• 4. Energy Theft • Major Global Concern • Electricity theft has no boundaries • Globally, an estimated $200 billion is lost each year due to equipment failure and theft
    • 5. Electricity Theft Worldwide
    • 6. Global Electricity Theft • India experiences some of the most significant theft, where 1/3 of the power generated is lost • Losses can reach 50% in certain areas within South Asian, Sub-Saharan Africa and the former Soviet Union • Brazil energy losses reach as high as 25% in some areas • The UK reports around 25,000 cases of electricity theft each year, costing customers over $300M
    • 7. Energy Theft: Canada • Calgary utilities estimate that 60% of power outages are the result of some form of electrical equipment tampering • BC Hydro (British Columbia) • Estimates loss around 3% of total revenue • Identified 2,600 thefts over the past 5 years
    • 8. Electricity Theft in U.S. • Energy theft in the U.S equates to $6 billion in losses annually, costing utilities 1-3% of their revenue
    • 9. Marijuana Grow House • Utilize sophisticated measures and methods to steal power • A growing problem for many utilities across North America • A small grow house operation can result in a $5000/yr loss for the electric utility.
    • 10. G Grow houses cost customers ~ $100 million each year according to BC Hydro
    • 11. Energy Theft: Illegal Grow Houses  In the U.S, indoor cannabis growing uses about $5 billion annually to power lighting and irrigation systems. Most are illegal operations where they steal some or all their power
    • 12. Economy Related Energy Theft • PECO, a Philadelphia utility, stated that approximately 30% of the 14,000 customers whose service was disconnect in 2008 were using electricity illegally • In 2008, Pennsylvania Power & Light (PPL) reported a 16% rise in energy theft, most related to service terminations • AEP, one of the largest utilities in the U.S., investigated 3196 cases of theft in Jan – Feb 2008, a 27% increase from the previous year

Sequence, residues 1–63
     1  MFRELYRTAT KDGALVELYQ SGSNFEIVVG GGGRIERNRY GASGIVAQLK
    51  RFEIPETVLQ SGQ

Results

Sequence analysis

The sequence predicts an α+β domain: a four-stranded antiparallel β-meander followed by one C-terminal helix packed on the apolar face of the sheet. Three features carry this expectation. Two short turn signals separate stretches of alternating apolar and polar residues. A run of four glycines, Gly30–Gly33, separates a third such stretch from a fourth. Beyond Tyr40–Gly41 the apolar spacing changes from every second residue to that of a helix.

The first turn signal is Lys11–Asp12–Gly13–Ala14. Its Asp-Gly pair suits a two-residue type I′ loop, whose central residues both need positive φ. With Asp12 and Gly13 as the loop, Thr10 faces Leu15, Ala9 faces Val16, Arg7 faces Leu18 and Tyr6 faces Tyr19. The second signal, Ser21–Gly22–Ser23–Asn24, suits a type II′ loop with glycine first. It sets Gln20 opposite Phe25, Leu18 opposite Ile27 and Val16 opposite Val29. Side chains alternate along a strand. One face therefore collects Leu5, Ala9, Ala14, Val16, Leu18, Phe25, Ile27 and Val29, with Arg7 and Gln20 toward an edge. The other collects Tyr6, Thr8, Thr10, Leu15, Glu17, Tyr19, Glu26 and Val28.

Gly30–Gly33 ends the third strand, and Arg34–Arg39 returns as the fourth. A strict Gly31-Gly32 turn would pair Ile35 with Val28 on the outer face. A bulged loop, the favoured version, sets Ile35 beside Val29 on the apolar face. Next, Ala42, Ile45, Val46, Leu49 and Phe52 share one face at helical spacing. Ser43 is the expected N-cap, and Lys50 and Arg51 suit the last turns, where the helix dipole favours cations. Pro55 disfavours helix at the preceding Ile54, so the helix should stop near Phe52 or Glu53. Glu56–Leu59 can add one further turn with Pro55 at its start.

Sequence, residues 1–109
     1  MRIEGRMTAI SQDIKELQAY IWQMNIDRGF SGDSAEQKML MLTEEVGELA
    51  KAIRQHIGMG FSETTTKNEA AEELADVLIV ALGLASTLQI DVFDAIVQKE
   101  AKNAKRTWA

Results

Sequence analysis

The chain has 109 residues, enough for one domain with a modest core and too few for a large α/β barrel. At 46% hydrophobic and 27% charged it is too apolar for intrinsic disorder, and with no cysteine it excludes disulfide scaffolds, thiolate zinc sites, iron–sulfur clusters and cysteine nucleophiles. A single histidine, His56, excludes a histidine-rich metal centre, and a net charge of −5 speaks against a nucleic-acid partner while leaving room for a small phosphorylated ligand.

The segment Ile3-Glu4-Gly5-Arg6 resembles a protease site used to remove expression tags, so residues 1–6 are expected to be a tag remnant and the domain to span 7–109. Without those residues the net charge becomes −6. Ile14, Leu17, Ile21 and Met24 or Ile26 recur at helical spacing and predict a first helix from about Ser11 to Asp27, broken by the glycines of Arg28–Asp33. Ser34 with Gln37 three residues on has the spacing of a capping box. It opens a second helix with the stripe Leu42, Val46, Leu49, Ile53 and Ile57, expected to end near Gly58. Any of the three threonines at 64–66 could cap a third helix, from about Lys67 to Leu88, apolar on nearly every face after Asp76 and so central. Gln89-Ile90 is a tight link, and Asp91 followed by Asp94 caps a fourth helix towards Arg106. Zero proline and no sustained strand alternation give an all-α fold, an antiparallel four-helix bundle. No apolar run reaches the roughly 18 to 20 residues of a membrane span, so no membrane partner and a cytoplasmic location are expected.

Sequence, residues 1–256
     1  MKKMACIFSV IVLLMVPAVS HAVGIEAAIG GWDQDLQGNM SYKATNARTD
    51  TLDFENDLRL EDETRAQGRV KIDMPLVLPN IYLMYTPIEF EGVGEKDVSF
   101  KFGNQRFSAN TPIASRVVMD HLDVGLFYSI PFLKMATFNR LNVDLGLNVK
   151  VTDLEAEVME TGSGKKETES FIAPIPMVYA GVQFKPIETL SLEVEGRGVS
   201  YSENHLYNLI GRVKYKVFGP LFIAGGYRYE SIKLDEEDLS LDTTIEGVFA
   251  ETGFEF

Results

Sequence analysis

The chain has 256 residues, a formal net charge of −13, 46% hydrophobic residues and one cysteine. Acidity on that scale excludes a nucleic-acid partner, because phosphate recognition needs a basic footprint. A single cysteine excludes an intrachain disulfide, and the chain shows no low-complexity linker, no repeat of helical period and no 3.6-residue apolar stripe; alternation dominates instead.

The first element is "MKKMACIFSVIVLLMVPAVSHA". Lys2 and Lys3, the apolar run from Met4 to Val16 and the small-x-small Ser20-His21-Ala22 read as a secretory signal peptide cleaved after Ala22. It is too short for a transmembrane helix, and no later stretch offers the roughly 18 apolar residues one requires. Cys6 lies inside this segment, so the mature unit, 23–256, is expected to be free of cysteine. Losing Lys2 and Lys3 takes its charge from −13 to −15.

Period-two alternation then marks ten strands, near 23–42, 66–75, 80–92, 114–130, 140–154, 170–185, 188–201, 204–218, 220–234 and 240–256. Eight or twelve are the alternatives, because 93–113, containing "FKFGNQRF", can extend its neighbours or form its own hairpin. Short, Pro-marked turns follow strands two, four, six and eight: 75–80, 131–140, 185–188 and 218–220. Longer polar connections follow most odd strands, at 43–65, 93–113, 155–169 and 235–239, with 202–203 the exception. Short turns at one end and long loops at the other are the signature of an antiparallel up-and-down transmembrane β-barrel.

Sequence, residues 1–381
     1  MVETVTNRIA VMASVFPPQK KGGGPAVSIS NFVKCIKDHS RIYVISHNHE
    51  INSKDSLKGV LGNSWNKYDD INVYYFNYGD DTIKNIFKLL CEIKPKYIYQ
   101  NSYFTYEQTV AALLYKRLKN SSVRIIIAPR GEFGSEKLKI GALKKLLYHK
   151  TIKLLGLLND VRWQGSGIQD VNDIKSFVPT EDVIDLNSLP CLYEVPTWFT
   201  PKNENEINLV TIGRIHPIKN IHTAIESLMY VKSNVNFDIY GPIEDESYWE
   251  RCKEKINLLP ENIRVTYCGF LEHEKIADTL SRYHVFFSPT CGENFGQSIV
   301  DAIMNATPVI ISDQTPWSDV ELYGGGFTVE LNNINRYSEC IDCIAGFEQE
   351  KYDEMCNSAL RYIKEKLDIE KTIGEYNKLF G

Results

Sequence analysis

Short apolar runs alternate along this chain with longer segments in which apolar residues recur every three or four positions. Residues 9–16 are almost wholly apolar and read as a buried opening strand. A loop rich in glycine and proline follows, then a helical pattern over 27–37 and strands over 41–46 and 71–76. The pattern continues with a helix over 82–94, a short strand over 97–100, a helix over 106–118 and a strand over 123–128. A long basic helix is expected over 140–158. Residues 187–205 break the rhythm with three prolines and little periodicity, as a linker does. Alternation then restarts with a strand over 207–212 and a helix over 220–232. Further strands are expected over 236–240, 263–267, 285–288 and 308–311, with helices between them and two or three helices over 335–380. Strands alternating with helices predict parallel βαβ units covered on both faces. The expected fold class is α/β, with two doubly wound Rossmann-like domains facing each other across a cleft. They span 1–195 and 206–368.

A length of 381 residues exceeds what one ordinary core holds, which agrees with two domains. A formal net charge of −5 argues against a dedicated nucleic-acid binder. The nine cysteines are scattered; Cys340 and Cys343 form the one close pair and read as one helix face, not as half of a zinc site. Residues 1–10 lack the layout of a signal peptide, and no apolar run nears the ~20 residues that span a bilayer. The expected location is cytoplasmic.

• 13. Types of Electricity Theft • Meter Tampering
    • 14. Types of Electricity Theft • Rewiring
    • 15. Types of Electricity Theft • Transformers: • Unpaid Bills
    • 16. Problems Caused by Energy Theft • Safety • Grid Damage • Increased Costs • Environmental Concerns
    • 17. The Dangers of Energy Theft • Fire hazards to property of perpetrators and neighbors • Compromised safety of residents and utility workers • Power outages • Equipment Failure
    • 18. The Dangers of Energy Theft •Electrocution •Death
    • 19. Technical Solutions to Power Theft • Smart Meters (AMI/AMR) • Pre-pay meters
    • 20. Technical Solutions to Power Theft • Encasing meters • Anti-theft cable • Software (Analytics) • End of line monitoring
    • 21. Non-Technical Solutions for Energy Theft • Public Outreach by offering financial rewards to consumers who report electricity theft • Legal Measures • Stricter fines and jail time for offenders • Management • Implementing inspection after a meter was disconnected and not reconnected
    • 22. Stricter Regulations on Energy Theft • 70,000 energy thefts occur each year in Michigan • New Michigan Utility Theft Law • Increased penalties • Now a Felony
    • 23. Limitations of AMI/AMR Meters • AMI/AMR or smart meters work very well for identifying usage on inactive meters and preventing meter tampering • False tamper alarms are common occurrence with smart meters and many utilities ignore them • Smart Meters can also be hacked which cost a Puerto Rico utility hundreds of millions dollars in losses. • Many commercial customers have much larger transformers which may result in illegal connection away form the meter
    • 24. End Line Monitoring + AMI/AMR • In conjunction with smart sensors, AMI/AMR meters data can effectively leverage to detect and prevent energy theft AMI/AMR Meter VS1000 (End of Line Monitoring) X TD1000 (Theft Detection) X X X X
    • 25. Energy Theft Detection TD1000 & TD2000 • Remote smart sensor to monitor power usage to compare with AMI/AMR data to pinpoint illegal or unauthorized power usage • Compact, economical and comprehensive solution for revenue recovery and loss prevention
    • 26. Energy Theft Detection TD1000 & TD2000 TD1000/2000 • Single & Three Phase Monitoring • Superior Accuracy • Customizable KWh monitoring • DNP3 Complaint • Unsolicited Messaging & Alerts • Magnetic Attachment • Quick Connect CT’s • Integrated Wireless Communication
    • 27. Conclusion • Energy theft will continue to be a major concern for all utilities unless certain measures are taken • Implementing Smart Sensors to work in conjunction with AMI/AMR Systems to detect and prevent further losses
    • 28. Thank you for your time • For further questions about today’s webinar please contact • Scott Zajkowski • Email: • Phone: 470-514-2627 • Kevin Mays • Email: • Phone: 470-514-2620